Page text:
Gloriously witty adaptation of the Broadway musical about Professor Henry Higgins, who takes a bet from Colonel Pickering that he can transform unrefined, dirty Cockney flower girl Eliza Doolittle into a lady, and fool everyone into thinking she really is one, too! He does, and thus young aristocrat Freddy Eynsford-Hill falls madly in love with her. But when Higgins takes all the credit and forgets to acknowledge her efforts, Eliza angrily leaves him for Freddy, and suddenly Higgins realizes he's grown accustomed to her face and can't really live without it. Written by
During the film companies lunch breaks, Cecil Beaton would sneak onto the current sound stage set being filmed, set up an easel and board, sketching the standing set (scenery), adding color with time permitting, or adding watercolor washes and painting details in his studio lot office. Both Jack Warner and George Cukor had Beaton banned from the daily filming stage; as well, any Warner Stage that set construction, painting, set green and set decorating was in progress. After the film was finished, Beaton had an exhibition with his costume sketches, including these set illustrations, providing some evidence that he had designed the scenery, as well. In fact, Jack Warner had originally signed a contract with Cecil Beaton granting Beaton costume and art direction screen credits. The original New York, London, Chicago, and road show tour-stage scenery had been designed by Oliver Smith. George Cukor and Gene Allen (as Production Designer and Second Unit Director) had teamed on the Judy Garland and James Mason (1954) film musical "A Star is Born". Cukor insisted Gene would design all the "My Fair Lady" sets when he accepted the directorial assignment. In fact, Beaton was never allowed in nor near the film's art department. See more »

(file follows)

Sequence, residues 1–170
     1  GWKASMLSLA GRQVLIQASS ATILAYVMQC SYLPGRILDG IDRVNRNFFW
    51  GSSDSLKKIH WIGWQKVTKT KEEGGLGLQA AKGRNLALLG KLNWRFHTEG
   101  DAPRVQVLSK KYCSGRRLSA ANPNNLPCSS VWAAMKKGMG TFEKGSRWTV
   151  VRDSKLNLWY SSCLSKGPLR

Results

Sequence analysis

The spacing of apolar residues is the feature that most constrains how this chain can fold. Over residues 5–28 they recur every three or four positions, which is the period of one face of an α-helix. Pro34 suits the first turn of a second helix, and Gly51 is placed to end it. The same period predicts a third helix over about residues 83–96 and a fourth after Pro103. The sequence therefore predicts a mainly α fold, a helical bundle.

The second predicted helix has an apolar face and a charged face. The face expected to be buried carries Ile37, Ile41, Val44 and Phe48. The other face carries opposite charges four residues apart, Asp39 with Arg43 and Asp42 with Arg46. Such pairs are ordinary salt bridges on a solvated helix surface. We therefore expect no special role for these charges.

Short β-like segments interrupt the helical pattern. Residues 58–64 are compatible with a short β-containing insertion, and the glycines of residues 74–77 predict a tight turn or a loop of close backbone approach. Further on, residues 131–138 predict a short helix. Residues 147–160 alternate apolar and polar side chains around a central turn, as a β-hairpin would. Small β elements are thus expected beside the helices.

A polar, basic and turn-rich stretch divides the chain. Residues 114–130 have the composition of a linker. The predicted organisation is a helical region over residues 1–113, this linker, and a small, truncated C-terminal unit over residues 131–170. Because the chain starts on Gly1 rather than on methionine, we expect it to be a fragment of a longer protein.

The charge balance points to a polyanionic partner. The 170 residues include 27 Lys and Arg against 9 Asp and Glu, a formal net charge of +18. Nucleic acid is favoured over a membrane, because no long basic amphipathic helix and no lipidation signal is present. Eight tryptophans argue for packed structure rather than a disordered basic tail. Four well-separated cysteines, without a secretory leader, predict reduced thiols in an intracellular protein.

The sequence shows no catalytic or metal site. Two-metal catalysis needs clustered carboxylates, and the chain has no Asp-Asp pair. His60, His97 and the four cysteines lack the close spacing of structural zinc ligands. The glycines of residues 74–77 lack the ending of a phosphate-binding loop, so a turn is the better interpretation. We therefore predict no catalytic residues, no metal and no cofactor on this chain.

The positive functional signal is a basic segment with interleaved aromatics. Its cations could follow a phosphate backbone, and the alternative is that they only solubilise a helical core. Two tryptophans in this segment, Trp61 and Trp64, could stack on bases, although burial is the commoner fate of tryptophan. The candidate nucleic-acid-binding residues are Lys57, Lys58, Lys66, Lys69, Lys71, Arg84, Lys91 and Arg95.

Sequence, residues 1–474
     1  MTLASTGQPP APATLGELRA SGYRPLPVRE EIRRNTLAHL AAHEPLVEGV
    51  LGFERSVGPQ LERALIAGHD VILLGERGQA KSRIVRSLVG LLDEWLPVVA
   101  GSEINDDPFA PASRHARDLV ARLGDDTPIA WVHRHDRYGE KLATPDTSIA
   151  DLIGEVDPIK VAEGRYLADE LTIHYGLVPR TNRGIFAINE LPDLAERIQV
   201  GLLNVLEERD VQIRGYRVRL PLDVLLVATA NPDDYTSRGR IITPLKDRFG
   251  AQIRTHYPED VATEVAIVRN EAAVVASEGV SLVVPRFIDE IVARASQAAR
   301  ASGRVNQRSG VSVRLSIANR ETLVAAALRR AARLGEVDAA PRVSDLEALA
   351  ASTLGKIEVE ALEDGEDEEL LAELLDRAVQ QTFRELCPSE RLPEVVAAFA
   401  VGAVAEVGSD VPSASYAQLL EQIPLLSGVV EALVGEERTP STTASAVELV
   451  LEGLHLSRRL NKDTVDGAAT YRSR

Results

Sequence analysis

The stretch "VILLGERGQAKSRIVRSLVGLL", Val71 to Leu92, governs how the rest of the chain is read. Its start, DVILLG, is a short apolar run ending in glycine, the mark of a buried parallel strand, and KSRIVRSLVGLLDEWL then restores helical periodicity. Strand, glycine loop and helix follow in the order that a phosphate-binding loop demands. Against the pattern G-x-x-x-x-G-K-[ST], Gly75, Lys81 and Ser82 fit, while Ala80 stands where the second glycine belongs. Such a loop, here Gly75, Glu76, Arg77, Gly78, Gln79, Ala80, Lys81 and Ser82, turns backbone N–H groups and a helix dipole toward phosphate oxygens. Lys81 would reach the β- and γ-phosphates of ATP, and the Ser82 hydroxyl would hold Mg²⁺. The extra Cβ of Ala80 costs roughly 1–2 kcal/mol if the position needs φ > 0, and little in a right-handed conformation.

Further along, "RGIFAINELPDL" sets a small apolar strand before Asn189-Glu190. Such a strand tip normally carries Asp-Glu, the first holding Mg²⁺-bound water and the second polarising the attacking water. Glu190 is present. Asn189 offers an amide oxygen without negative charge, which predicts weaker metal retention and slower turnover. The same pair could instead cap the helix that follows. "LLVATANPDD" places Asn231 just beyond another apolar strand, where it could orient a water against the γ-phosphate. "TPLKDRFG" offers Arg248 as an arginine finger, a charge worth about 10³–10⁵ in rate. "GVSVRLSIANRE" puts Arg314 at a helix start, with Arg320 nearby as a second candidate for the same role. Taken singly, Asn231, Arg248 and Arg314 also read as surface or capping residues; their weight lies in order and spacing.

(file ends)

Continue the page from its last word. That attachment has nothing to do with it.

Higgins arm on the back of the chair during 'Let A Woman In Your Life'. See more »
[sounds from crowd, occasionally a word or phrase, indistinct and mostly not associated with a character]
Don't just stand there, Freddy, go and find a cab.
All right, I'll get it, I'll get it.
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In the posters, playbills and the original cast album for the stage version of "My Fair Lady", the credits always read "based on Bernard Shaw's 'Pygmalion' ", letting the audience know what play "My Fair Lady" was actually adapted from. The movie credits simply read "from a play by Bernard Shaw". See more »
The quintessential musical with a staggering pedigree.
The classic case of an embarrassment of riches.
The infrastructure of this jewel reads like a Who's Who of American Cinema. Take the play by George Bernard Shaw. It's in the Western Canon of Literature, for heaven's sake. Then add lyrics by Jay Lerner and his longtime collaborator composer Frederick Loewe who gave us everything from An American in Paris, to Gigi, to Brigadoon, among many others.
Directed by George Cuckor, whose credits include not only Gone With the Wind, but also a string of Katherine Hepburn films, My Fair Lady bears Cuckor's brilliant touch in directing leading women. And what a leading woman he had to work with this time. Audrey is breathtaking in every move and every syllable she utters.
But that's not all. Those stunning costumes designed by Cecil Beaton are without peer in modern cinema, especially the Ball Gown. Audrey was so exquisite that she looked unreal, perhaps of another species, as she descended the stairs and donned her velvet cape.
With music direction by Andre Previn, the baton behind Gigi, Porgy and Bess, Kiss Me Kate and even Jesus Christ Superstar, My Fair Lady's musical pedigree is complete. From this perspective, My Fair Lady is the culmination of a generation of America musicals, and the greatest one of them all even before the first frame was filmed.
Ironically, Audrey was denied a well-deserved Oscar. She didn't even get nominated, which from an historical perspective boggles the mind. The Oscar that year went to Julie Andrews for Mary Poppins. Andrews, who had popularized the role of Eliza Doolittle on Broadway before the movie was made, passed on My Fair Lady to do Mary Poppins. Andrews, a gifted singer, was reportedly miffed at the casting of Hepburn, whose singing was dubbed by an uncredited Marne Nixon, and Hepburn's exuberant performance was completely ignored by the SAG.
But there were enough Oscars to go around. Beaton, Harrison and Previn all collected statuettes, and My Fair Lady collected eight total and was nominated for four more.
This immense achievement was almost lost to deterioration, but the newly restored version is stunning. If you don't have this one in your collection, you can't call it a collection.
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